Personal Loans and Smart vs. Foolish Debt
Credit cards are not the only form of credit available to consumers. There are also personal loans. Personal loans differ from credit cards in that they are not considered revolving accounts. That is, there are set number of payments, called installments, needed to pay off the loan and the loan balance does not increase like it would on a credit card account. Personal loans are generally more difficult to get approved for than credit cards. If you have a credit history that is not ideal, collateral may be required to have the loan approved. Collateral is something of value that is used to secure a loan. Collateral can be anything from an existing savings account with the lender, stocks & bonds, or a piece of property such as a house in your name. In the event that the loan goes into default, the lender may seize the collateral to offset their loss.
Another feature of a personal loan that differentiates it from a credit card is the method used to calculate interest. Simple interest is the most popular method for calculating interest on personal loans. To calculate simple interest multiply the interest rate by the length of the loan and by the amount borrowed, the principal. Personal loans are more affordable for consumers than credit cards and are a better way to borrow money.
Smart vs. Foolish debt (mortgage vs. toys)
No discussion of money would be complete without addressing the fundamental issue that plagues so many people in our compulsive spending culture which is how to go about making good choices with money. The divide between the rich and the poor is growing, but this divide cannot be explained away by a few commas in the savings account. There is more than money that separates the haves from the have-nots. More often than not, wealthy people are more knowledgeable and savvier about money than the average person. Wealthy people view money as a tool. They use it to work for them, not the other way around.
In order to adopt a wealthy person's mindset, which is geared towards financial empowerment, whenever you spend money you need to ask yourself how your spending will affect your overall financial health. Will it help you accomplish your short and long-term financial goals? Consumers need to treat their personal finance like a business and be more dispassionate about making purchases. Impulsive "retail therapy" is not the way towards financial empowerment. Emotionally gratifying spending has to occur in the context of sound money management principles. To this end, you should avoid incurring debt whenever possible, especially debt that does not positively impact your bottom line. Buying a brand new $40,000 luxury automobile, for example, is a frivolous purchase if you are not already a homeowner. A car depreciates the moment you take it off the car lot, so you lose money immediately. Borrowing money to buy a luxury car is an example of bad debt. Not all debt is bad however. Instead of choosing to purchase the brand new luxury car, your money would be better spent if you were to buy a used car and putting the balance towards a down payment on a home. Buying a home is an example of good debt. Homes generally appreciate in value over time and home ownership has tax advantages. Thus, homeownership is a good way of making your money work for you.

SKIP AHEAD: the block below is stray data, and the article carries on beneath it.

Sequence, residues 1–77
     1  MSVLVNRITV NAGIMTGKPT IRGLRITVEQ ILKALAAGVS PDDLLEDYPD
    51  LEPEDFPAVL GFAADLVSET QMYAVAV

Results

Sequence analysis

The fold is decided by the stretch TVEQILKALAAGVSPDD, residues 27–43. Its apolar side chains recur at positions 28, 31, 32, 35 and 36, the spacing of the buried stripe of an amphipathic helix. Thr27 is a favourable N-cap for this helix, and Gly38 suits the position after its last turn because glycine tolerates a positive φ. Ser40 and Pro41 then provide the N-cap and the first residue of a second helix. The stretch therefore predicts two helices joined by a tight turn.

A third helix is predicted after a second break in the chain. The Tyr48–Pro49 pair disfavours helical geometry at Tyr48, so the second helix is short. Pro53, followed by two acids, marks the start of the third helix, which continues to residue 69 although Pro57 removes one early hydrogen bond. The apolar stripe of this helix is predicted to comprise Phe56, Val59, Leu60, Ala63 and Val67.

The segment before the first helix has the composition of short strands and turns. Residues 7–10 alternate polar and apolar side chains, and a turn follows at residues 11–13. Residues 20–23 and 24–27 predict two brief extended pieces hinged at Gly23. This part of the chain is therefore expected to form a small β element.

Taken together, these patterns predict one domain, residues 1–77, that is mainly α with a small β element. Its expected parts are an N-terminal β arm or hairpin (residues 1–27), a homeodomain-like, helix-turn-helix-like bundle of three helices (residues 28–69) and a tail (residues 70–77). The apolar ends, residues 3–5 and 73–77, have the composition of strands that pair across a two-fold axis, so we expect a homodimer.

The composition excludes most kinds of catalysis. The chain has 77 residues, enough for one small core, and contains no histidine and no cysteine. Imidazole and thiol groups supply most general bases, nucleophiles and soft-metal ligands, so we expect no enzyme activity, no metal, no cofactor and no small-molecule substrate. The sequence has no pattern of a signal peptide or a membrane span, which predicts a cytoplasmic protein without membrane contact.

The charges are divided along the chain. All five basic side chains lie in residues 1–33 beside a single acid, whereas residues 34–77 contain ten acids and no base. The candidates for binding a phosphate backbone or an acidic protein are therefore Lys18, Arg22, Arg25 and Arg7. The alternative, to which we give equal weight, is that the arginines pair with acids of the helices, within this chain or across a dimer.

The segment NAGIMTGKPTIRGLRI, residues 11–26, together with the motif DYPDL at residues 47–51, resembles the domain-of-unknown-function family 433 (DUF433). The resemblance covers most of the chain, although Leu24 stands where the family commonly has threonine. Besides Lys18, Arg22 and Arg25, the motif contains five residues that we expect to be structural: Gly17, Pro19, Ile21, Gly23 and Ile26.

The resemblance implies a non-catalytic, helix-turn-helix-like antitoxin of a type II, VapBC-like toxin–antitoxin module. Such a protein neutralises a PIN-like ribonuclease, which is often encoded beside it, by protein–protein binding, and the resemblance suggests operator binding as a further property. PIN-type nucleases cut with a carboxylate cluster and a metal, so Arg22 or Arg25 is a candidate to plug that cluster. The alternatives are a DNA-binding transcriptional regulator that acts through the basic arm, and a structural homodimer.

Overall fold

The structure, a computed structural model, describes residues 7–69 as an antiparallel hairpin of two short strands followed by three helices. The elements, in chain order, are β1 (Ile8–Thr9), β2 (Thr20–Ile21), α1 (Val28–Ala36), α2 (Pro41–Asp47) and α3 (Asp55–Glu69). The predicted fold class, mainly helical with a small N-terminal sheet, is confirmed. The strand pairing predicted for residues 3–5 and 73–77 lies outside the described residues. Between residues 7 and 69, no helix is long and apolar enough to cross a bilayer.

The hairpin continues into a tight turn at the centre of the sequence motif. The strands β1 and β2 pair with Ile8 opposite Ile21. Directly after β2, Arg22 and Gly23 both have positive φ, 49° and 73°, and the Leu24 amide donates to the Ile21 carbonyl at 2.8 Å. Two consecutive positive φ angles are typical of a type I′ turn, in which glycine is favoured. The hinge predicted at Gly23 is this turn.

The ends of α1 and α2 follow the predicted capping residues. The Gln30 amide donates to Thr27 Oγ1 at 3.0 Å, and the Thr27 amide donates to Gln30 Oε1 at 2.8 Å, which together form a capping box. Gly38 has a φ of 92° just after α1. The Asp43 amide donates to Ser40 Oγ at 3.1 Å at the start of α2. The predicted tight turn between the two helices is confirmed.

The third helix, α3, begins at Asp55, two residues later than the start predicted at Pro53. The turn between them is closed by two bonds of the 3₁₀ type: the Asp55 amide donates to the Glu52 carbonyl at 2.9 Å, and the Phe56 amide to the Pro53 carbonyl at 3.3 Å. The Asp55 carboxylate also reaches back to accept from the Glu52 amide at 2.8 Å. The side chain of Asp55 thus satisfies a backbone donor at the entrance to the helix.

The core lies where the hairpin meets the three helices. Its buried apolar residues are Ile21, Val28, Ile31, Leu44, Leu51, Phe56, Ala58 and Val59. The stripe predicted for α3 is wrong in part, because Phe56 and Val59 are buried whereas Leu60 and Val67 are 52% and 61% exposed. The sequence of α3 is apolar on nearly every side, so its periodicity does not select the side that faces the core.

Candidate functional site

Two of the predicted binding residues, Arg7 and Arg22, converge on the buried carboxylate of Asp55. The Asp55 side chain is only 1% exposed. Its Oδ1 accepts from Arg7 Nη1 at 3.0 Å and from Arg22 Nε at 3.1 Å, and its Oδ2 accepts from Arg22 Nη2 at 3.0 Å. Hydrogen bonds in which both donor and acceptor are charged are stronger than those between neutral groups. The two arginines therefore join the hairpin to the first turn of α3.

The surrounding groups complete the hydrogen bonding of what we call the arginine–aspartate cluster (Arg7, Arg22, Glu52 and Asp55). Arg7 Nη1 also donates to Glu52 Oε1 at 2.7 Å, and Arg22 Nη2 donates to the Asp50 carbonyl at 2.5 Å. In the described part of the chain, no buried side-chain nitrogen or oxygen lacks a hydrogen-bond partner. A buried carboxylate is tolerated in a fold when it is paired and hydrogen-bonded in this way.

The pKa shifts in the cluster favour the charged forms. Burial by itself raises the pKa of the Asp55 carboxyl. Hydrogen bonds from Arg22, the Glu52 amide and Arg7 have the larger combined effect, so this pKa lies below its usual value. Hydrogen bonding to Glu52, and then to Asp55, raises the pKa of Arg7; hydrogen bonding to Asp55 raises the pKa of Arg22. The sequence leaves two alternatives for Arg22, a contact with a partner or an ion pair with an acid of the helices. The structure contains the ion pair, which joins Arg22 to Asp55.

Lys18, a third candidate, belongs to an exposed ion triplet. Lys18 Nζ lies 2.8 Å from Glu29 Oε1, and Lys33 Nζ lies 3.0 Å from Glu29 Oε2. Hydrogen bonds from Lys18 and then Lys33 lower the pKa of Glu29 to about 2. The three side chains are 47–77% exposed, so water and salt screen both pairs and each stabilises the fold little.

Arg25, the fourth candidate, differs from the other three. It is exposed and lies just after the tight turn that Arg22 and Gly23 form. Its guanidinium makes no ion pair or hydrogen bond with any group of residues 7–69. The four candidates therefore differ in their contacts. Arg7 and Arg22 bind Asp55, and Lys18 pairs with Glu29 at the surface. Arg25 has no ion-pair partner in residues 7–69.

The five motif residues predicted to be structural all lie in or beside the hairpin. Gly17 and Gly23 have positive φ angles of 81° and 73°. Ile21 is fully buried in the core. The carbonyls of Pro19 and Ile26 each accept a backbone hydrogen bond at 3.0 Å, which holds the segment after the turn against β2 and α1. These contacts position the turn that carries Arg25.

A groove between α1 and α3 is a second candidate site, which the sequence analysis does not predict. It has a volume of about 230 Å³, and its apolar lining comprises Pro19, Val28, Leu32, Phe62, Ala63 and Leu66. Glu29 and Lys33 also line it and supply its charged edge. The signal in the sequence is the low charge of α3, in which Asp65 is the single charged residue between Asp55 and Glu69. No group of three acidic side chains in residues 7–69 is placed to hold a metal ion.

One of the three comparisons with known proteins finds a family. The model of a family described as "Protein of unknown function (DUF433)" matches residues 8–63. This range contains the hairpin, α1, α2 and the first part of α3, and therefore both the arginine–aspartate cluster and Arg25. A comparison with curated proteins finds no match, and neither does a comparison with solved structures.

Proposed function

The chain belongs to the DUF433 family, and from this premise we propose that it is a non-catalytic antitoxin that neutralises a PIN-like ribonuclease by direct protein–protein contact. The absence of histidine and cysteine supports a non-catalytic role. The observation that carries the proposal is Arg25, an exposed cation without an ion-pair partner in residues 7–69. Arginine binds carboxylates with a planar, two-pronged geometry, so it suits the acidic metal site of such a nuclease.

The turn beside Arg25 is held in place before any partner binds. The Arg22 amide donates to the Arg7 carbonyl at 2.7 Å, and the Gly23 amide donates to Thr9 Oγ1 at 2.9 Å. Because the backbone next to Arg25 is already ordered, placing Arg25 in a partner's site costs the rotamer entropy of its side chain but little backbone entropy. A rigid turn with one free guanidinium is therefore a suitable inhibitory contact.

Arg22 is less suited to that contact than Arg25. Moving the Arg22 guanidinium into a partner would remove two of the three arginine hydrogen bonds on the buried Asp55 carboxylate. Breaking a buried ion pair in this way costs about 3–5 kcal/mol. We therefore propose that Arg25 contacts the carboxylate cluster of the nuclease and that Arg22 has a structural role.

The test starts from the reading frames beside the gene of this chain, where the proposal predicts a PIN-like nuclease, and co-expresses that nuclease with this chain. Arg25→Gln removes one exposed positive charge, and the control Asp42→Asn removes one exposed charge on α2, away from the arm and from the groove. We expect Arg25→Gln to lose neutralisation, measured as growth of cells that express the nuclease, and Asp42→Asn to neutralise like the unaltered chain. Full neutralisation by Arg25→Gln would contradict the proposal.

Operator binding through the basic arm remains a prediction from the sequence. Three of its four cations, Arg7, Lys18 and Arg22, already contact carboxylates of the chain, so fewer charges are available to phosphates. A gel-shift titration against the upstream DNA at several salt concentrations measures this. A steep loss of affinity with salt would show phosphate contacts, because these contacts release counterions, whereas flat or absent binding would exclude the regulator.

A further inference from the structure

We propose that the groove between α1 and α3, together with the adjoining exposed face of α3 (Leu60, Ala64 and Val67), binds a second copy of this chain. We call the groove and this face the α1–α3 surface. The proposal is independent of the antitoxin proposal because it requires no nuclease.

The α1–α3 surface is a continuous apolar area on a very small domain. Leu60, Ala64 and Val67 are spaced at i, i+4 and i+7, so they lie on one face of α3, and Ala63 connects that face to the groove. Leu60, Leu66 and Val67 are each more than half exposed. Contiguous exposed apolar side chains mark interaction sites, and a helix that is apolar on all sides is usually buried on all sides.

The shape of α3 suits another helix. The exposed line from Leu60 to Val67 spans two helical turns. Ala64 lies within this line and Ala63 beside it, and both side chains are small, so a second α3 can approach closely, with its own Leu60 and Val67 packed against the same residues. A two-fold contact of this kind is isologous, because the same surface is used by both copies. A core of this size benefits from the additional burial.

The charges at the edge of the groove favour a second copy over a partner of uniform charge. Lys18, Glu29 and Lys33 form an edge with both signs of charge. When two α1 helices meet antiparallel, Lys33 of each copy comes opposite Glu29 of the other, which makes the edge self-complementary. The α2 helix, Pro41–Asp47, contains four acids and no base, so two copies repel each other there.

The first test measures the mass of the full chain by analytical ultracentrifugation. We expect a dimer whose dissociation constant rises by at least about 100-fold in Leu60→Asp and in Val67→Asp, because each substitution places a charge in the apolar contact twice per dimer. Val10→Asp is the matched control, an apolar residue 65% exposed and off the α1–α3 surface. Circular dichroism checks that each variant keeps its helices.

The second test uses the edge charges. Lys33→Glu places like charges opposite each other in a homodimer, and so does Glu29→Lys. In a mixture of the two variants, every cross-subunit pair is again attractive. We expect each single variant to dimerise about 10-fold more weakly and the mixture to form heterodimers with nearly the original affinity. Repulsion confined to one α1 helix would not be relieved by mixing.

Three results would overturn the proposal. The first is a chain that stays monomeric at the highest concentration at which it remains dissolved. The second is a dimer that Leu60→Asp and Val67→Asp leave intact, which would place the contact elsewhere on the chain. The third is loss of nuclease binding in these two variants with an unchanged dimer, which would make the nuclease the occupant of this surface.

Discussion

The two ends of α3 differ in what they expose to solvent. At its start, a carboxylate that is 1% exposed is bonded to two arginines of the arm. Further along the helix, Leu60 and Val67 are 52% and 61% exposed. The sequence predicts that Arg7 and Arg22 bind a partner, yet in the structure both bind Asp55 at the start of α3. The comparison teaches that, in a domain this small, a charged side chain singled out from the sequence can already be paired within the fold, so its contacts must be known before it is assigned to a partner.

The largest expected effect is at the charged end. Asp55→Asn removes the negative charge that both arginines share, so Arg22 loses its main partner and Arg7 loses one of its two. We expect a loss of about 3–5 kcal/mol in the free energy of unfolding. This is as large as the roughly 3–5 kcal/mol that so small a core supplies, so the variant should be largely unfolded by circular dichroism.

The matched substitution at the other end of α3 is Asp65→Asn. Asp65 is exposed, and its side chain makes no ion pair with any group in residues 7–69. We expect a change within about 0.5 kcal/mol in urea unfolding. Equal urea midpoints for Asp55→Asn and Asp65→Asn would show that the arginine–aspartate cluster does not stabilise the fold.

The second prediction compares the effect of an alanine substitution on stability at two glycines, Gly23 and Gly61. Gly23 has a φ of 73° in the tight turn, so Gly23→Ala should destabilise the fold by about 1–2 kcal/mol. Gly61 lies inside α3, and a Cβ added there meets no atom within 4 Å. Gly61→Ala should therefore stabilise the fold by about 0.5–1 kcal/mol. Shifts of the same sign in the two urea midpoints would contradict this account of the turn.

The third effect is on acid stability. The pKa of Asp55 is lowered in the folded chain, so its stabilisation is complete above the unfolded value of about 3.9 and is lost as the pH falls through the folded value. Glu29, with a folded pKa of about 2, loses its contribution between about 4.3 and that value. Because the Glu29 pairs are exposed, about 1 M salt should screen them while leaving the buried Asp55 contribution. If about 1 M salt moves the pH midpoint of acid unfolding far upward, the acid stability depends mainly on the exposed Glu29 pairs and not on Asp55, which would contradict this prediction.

It is important to apply this understanding of good and bad debt to all aspects of your spending, not just the large purchases. Even small purchases can whittle away at your bottom line. Eating out is a prime example of this. Many people eat out for lunch during the week. At $5 a meal on the low end, that is $100 per month spent on lunch alone. Making bad choices about small purchases is akin to putting a pin hole in your wallet and letting the money drip out. You have to decide that you want to be one of the "haves" in life and that you are going to get there in time by making wise choices.